Well, that's one way of looking at it - but anyone who thinks he's in complete possession of The Truth needs to be circumspect...I believe we've heard from you before, Mr Padgett, and your hypotheses certainly add to the wealth of informed speculation. But hypotheses they remain, and need to be qualified with the ubiquitous 'I believe'. One of the most refreshing aspects of Sinaisky's very individual interpretation was that he presented it more as pure music than any other conductor I've listened to. Incidentally - or not - anyone know the five last words too terrible to reveal by, was it, W H Reed, as spoken by EE on his deathbed? My bet is it's nothing more scandalous than 'I never believed in God'.

I sincerely doubt David Nice's misinformed speculation that Elgar was a closeted atheist, particularly since the majority of Elgar's greatest musical works are inscribed with the initials A.M.D.G. Why someone would dedicate masterpiece after masterpiece to a deity he did not believe in defies the bounds of common sense. What is far more likely than Nice’s nebulous supposition is Elgar confessed to Reed the following five words: “My secret friend is Jesus.” This would go a long way towards explaining why shortly after his death Variation XIII was performed at Elgar’s memorial service. One of the many fetid fruits of England’s fading Christian faith, apart from an empty treasury and the streets of London going up in flames with rampaging mobs, is a collective failure to fully comprehend the works of one of that nation’s greatest composers. Then again, does not the scripture reveal a prophet is never accepted in his hometown?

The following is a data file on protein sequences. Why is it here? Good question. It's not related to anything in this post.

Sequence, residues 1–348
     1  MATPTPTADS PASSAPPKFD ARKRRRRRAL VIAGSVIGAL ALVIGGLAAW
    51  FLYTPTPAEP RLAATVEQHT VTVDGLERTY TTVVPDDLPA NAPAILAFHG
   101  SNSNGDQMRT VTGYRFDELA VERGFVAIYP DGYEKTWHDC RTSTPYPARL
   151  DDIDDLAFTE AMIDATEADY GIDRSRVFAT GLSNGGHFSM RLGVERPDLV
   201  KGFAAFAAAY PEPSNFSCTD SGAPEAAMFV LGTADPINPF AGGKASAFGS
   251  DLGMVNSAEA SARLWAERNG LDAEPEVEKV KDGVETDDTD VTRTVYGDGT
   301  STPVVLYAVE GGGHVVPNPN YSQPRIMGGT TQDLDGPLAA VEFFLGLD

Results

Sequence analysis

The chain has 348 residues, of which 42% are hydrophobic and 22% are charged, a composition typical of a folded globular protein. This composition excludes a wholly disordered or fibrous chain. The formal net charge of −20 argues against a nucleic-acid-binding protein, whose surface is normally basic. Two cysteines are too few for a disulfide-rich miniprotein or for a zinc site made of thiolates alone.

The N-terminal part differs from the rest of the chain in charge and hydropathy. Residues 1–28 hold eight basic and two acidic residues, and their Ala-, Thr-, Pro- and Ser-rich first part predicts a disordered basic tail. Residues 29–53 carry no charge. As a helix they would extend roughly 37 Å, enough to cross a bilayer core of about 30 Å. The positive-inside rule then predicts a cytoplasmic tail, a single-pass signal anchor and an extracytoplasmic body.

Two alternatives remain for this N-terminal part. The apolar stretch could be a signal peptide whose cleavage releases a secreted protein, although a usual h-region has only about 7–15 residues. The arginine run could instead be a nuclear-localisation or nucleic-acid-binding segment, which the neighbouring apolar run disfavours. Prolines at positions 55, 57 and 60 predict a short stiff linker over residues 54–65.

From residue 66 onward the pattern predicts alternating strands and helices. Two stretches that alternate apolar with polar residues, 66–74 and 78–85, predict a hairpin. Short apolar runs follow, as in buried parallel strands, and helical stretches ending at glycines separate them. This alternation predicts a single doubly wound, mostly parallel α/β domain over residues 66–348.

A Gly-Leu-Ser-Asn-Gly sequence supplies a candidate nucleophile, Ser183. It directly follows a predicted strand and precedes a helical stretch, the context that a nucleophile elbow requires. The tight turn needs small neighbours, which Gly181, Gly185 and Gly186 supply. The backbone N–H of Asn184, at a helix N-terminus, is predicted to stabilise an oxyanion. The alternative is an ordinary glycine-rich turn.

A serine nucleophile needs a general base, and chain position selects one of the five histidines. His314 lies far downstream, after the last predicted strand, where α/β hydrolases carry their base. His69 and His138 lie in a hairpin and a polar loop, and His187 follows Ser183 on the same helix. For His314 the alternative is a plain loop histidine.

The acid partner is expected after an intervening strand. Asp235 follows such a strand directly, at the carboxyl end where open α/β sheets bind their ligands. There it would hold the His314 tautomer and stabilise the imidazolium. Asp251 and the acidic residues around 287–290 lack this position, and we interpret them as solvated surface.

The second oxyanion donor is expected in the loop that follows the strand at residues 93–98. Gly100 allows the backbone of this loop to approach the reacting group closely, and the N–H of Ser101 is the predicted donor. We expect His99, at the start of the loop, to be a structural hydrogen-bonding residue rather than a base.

It beggars belief why "my secret friend is Jesus" would be the 'short remark' Ernest Newman (for it was he, I checked) refused to reveal, clearly out of deference to what Elgar's daughter Carice called her father's confused mind on his deathbed, beggars belief. As, frankly, since you refuse to admit the 'in my opinion' clause, do your thoughts on Variation XIII. Your presentation of this as objective truth, not interesting speculation, is what truly 'defies the bounds of common sense'. And I personally find it offensive to equate our current woes with the decline of Christian faith.